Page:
If you’re anything like me, i.e. fresh out of university, you will have heard a lot about these mythical ‘skills’ and not actually have any idea what they are. Well, you’re in luck. During my many endeavours to improve my CV during my course, I have managed to compile a list of the most common transferable skills which I have had to demonstrate to prospective employers. Now, this list is by no means exhaustive, as a quick Google will reveal, but it covers most of the things which some sites then divide into even smaller categories.
- Self-management – this comes down to time-management, flexibility, and self-improvement. A really simply way to demonstrate this is doing extra-curricular activities outside of work or study. Another way to do it is what’s called ‘up-skilling’ yourself, which basically comes down to learning new skills like a language or coding in your own time. Self-improvement is also about taking constructive criticism for your performance at work or during study, and applying it. And there’s nothing wrong with asking your boss or teacher if you’re not sure what they want from you.
- Teamwork – this one’s self-explanatory, but it means that you can work in a group to achieve a goal. Unsurprisingly, the ways that you can demonstrate this generally involve doing something in a team, like sport, or group work during work or study. If you don’t like the sound of either of those, you can also join a society or committee, and do it that way.
- Communication – this is both about being able to get information across, and being able to interact with a variety of different people. A way to demonstrate this that looks quite fancy is persuading a speaker to come to a society, or getting corporate sponsorship for an event. Some less intimidating methods include working in a customer service job, writing a blog (or articles, or radio programmes etc.) for the public, debating at a debating society, or tutoring schoolchildren.
- Organisation and planning – a bit like self-management, but more professional. This one’s about being able to organise people and resources, and achieve goals within a deadline. I’m sure you can spot the similarities with some of the skills we’ve already had. Well, that means that doing the same things as those also demonstrate this skill (woohoo!). Basically organising any event, regardless of how big or small it is, demonstrates this one. If you’re less social, editing content for a publication also does the job.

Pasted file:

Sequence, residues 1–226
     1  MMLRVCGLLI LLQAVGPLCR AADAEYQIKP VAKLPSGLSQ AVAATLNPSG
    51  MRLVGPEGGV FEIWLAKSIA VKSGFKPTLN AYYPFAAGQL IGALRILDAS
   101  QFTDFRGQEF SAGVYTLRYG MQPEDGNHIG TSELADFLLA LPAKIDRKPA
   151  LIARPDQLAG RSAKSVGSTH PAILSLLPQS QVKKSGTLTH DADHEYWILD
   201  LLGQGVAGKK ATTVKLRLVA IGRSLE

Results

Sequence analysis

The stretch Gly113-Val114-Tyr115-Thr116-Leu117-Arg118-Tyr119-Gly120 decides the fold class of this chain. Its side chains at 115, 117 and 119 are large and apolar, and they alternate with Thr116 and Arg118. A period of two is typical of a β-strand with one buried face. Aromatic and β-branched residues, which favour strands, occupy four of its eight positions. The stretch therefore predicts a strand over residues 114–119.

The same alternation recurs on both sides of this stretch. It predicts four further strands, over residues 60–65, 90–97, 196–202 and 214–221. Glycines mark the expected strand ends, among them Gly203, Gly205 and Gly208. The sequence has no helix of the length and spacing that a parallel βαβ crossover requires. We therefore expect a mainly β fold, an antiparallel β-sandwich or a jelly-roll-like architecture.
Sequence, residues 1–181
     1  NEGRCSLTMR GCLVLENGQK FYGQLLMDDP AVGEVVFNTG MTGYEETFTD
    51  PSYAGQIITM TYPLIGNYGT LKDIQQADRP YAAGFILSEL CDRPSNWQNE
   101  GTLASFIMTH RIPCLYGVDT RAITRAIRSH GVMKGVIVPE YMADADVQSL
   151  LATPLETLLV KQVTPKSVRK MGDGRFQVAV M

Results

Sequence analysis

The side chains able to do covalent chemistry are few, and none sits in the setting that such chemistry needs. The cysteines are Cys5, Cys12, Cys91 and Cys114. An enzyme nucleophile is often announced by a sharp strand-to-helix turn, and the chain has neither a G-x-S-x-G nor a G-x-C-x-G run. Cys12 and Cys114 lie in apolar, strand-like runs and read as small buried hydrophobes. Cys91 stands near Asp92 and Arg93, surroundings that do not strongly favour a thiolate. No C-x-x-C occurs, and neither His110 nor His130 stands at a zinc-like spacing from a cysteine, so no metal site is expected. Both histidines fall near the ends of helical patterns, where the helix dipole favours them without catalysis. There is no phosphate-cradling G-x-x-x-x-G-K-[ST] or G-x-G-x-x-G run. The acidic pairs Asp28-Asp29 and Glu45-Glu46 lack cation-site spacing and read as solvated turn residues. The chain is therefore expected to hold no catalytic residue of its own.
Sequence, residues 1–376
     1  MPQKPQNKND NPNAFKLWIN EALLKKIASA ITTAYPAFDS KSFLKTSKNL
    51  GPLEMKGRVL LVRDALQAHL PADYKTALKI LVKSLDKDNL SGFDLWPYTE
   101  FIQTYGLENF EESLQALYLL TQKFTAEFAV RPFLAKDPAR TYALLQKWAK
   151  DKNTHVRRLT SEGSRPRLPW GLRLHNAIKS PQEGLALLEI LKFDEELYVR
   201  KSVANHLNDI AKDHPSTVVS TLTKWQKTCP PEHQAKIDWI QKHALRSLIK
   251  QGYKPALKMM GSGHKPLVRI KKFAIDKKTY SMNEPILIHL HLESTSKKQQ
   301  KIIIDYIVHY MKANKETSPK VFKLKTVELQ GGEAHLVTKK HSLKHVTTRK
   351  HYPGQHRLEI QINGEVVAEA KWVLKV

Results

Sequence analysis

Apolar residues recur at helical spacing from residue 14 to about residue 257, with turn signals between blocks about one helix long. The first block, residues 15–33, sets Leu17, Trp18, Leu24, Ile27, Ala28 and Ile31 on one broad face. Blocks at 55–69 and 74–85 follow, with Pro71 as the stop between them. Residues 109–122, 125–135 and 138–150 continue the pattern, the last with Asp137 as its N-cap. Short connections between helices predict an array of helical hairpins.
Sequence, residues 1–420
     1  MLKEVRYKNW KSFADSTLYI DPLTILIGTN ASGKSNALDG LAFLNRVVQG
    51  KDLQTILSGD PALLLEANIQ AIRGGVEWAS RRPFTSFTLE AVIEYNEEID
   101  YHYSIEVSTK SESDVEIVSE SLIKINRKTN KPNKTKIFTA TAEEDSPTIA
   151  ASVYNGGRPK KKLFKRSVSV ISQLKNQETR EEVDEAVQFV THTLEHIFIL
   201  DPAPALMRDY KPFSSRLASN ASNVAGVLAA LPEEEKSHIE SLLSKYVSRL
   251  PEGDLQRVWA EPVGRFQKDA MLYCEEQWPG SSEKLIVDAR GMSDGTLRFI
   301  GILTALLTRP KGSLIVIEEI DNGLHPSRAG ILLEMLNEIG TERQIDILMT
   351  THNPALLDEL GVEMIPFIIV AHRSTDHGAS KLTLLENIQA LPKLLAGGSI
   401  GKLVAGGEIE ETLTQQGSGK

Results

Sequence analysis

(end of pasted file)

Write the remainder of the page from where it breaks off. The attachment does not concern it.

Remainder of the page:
- Leadership – again, this is one which is exactly what it says on the tin. It’s about being able to organise and motivate others. You can demonstrate it by taking a position of responsibility in a society or at work. Organising events also falls into this one. Outreach and voluntary things also demonstrate it, like youth organisation or encouraging students to apply to your university.
- Initiative and problem-solving – the ability to analyse facts and situations, and come up with solutions by yourself. If you organise an event yourself, that definitely demonstrate this one. Setting up a society or business also covers this one.
- Commercial awareness – this one varies a bit according to what sector you’re working in, but it’s basically about knowing the likely demands on a business and ways to meet them. A good way to demonstrate this is to organise an event which has to turn a profit, such as a concert. Another good one for students is to negotiate discounts with local businesses for members of your society. At work, you could suggest ways to improve efficiency or save costs.
- Computing and IT – yep, it’s a scary one for many, but it depends entirely on your ability relative to the demands of your job. If you’re going into an industry based on computing, you need to know how to programme in a variety of languages, how to fix a computer if it goes wrong, and all sorts. If you’re not going into that industry and just want to up-skills yourself a bit, it’s less complicated. There are free programming courses online, and free trials of professional software to get the hang of how these things work. Even making a website for a student society would do the job here nicely.
- Languages – another intimidating one, particularly for English-speakers. A language degree helps here, even ancient languages like Latin and Greek. It can build confidence in learning languages and understanding how they work. If you don’t have a qualification, then there are a variety of courses online and in cities on a whole spectrum of prices, from free to what I would call quite steep for the number of hours offered. A lot of places which are there specifically to offer language courses have a test on their website so you can see what level you already are in a language and enrol on the best difficulty for you. When you’re feeling a bit more confident, you can organise a language exchange with someone who wants to learn your language, for instance over coffee a couple of times a week. There are similar services online as well, provided you have a webcam and microphone. The ultimate practice is travelling abroad to use your target language, either challenging yourself to not use English on holiday, or even going on an internship.
And there you have it. Think of these as the ‘Big Nine’, and that everything else spirals off from one or more of them. Treat them as keywords and prompts when you look at job advertisements. You don’t have to be brilliant at all of them, but if you can demonstrate that you’re at least trying to improve each one, then employers won’t immediately dismiss your application.
Thank you! Glad you like them. They’re from Monet’s garden in Giverny, France.